The Free Speech Clause of the First Amendment may prohibit the government from “abridging the freedom of speech,” but we’ve already learned in a previous article, “What is Free Speech?”, that there are certain exceptions where speech can be prohibited or restricted. Those include: libel/slander, obscenity, fighting words, etc, plus the government can impose reasonable “time, place and manner” restrictions on speech.
But what happens when the government abuses those powers in order to suppress speech it doesn’t like? When does it “cross the line?” Can we clearly discern those lines? What exactly is “censorship” and where is it being misused by government?
“Censorship” is defined as “the suppression, banning, or deletion of speech, writing, or images that are considered to be indecent, obscene, or otherwise objectionable.” It can serve a social good, such as preventing the distribution of child pornography. Or it can cross a constitutional line and be used by government to suppress or silence particular views – political, moral, theological, etc., – with which it disagrees. It is this latter use that pits an increasingly secular worldview of various government actors against a Christian worldview that has dominated American life for the first several centuries of its existence, going back to the early settlers of Massachusetts and Virginia.
So who are today’s government censors?
Public schools and universities
Educational institutions owned and run by the local, state or federal government are prohibited by the Free Speech Clause from “abridging the freedom of speech.” Academia today is dominated by educators and administrators with a secular worldview and a low tolerance for dissenting views, especially conservative, Christian, and pro-life views. Because primarily one worldview (secular) is acceptable in most public classrooms and on most campuses, many of those same public schools and universities have instituted a number of unconstitutional barriers to speech that affect primarily those who disagree with what is being taught and wish to express different points of view. Speech codes, speech zones, security fees for outside speakers, and de-recognizing or defunding student clubs, for example, are an ongoing problem, even though they are almost always struck down by the courts.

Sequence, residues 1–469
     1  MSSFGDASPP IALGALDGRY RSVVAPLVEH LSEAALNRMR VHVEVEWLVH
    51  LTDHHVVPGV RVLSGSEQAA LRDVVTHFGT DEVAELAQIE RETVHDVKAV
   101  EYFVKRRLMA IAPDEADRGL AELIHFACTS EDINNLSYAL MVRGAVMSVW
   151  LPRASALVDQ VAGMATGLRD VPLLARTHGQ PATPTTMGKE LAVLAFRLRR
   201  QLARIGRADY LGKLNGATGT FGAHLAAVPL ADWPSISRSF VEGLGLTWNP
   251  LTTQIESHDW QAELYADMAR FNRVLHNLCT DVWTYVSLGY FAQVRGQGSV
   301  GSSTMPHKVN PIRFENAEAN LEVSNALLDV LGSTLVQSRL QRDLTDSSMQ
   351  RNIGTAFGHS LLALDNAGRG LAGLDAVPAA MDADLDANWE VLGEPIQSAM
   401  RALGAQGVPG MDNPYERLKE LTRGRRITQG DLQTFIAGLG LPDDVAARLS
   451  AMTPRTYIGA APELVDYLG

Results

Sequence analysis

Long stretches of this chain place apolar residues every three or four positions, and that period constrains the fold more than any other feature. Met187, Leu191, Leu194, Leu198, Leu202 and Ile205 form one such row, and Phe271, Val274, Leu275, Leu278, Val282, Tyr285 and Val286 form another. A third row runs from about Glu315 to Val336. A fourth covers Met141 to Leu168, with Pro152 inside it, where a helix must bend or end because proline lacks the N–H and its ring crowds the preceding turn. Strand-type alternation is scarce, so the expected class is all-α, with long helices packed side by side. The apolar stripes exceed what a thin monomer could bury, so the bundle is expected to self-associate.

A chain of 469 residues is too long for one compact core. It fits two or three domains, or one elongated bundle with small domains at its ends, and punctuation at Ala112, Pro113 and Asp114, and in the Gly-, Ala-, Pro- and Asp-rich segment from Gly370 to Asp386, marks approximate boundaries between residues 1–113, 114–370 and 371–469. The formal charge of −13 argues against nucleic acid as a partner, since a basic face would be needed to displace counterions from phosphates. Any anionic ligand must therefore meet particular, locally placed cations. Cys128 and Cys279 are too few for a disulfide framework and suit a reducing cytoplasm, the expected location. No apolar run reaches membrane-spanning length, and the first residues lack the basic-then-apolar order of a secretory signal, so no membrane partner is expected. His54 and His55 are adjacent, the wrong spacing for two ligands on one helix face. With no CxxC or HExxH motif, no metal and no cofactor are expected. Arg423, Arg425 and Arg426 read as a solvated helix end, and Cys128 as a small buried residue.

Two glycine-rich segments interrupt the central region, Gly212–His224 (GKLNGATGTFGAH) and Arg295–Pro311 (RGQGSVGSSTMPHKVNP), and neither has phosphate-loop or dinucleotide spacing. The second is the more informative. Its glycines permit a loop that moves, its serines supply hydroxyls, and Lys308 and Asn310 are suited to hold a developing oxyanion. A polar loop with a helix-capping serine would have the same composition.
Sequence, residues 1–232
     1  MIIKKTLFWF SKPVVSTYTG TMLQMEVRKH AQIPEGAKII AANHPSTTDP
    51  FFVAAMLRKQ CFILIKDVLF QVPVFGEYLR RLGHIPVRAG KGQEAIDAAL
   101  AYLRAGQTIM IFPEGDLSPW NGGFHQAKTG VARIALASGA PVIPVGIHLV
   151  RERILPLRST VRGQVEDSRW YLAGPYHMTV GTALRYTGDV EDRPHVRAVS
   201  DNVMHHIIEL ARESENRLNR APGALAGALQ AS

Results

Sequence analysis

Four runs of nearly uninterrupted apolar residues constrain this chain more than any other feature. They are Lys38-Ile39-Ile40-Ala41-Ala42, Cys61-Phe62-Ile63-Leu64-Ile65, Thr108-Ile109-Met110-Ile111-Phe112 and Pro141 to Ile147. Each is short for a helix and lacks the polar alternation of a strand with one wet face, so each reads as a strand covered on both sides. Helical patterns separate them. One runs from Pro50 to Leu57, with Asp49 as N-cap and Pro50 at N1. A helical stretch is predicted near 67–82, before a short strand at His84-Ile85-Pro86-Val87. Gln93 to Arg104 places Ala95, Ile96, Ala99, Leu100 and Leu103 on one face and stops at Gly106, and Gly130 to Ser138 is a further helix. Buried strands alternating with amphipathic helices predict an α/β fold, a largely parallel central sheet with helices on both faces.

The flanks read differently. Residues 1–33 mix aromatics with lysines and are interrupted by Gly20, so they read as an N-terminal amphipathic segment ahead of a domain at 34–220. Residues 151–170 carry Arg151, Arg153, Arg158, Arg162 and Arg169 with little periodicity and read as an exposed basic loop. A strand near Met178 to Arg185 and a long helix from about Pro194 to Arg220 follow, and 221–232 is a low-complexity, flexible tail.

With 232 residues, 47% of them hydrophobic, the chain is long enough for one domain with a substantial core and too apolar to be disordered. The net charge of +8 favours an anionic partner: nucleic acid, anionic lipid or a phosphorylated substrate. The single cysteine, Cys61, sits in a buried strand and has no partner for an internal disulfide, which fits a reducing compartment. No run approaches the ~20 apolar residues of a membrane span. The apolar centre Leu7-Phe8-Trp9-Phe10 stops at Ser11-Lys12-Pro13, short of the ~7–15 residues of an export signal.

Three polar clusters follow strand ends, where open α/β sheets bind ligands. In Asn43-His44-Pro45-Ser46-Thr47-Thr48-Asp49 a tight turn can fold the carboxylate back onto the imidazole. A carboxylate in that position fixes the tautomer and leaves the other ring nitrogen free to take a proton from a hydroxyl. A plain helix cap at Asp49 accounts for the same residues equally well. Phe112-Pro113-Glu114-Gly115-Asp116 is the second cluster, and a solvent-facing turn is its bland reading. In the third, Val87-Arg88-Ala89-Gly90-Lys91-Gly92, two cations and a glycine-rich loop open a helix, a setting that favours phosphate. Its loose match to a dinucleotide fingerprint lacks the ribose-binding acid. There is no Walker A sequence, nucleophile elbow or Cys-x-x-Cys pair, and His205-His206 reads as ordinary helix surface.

Because censorship on the nation’s campuses is an ongoing problem, several legal and other non-profit organizations exist to come to the aid of those whose free speech rights have been censored.
Government employees might assume that what they say during their free time away from work would be immune from government disapproval, but that’s proven not to be the case. Take the case of Fire Chief Kelvin Cochran, hired as Atlanta’s fire chief after a stellar career track record. Following his hiring, the Atlanta City Council learned that Cochran had written a book about biblical sexuality which contained basic Christian doctrine about sexual immorality, including homosexual acts. Cochran was terminated for his religious views, and although eventually vindicated in court with a finding of wrongful termination, the judge specifically found that the City did not violate Cochran’s free speech or religious rights!
Government censorship of businesses